When I read the endeavours of preachers of the past in my home country, I am filled with self-condemnation and chagrin. In the 18th century there were men of extraordinary preaching gifts, but also of indefatigable energy. Their names are legendary, and their gospel’s success without parallel. The roll call sets my heart pounding. Daniel Rowlands of Llangeitho, who it is reputed, excelled George Whitefield; Howell Davies - the apostle of Pembroke; William Williams of Pantycelyn – the sweet poet and preacher of Wales, and that sterling ambassador for Christ – Howell Harris of Trefecca.
These champions awoke the nation from its slumber and spiritual deadness, and from their efforts sprung eventually the Calvinistic Methodist denomination. Now my hero and favourite is Hywel Harris. If William Williams itinerated around Wales for 50 years, thus travelling over four times around the world, then Howell Harris must have been at least 10 times around! He traversed the whole of Wales, Bristol, Bath and London, supplying Whitefield’s pulpit when he was in America. Remember, his journeys were all on horseback, and so he preached as he passed through the villages, maybe two or three times daily, with some sermons at least two hours long. Such was his condemning power against sin, that strong men fell as logs before his axe. All his sermons were extempore.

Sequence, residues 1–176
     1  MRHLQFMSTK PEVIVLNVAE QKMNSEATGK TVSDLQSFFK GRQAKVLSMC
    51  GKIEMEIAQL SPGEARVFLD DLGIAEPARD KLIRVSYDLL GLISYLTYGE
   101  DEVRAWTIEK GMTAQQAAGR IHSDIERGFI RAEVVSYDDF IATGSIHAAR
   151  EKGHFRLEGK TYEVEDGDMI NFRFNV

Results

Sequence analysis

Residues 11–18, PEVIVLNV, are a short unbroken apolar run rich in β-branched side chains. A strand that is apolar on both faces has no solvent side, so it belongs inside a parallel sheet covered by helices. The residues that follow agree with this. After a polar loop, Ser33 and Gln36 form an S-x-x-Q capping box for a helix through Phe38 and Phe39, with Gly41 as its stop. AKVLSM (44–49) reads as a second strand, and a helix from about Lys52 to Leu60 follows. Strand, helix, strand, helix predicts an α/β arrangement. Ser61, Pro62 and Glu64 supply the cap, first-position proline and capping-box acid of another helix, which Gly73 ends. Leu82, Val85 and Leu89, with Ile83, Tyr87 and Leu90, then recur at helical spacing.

Oh that God would raise up preachers so endued with power, that thousands would be made captive to the King of Glory. If anyone wants their hearts stirred, then the Banner of Truth has just translated two volumes of the Methodist Fathers in Wales, from Welsh into English.
Colloquy Cymraeg >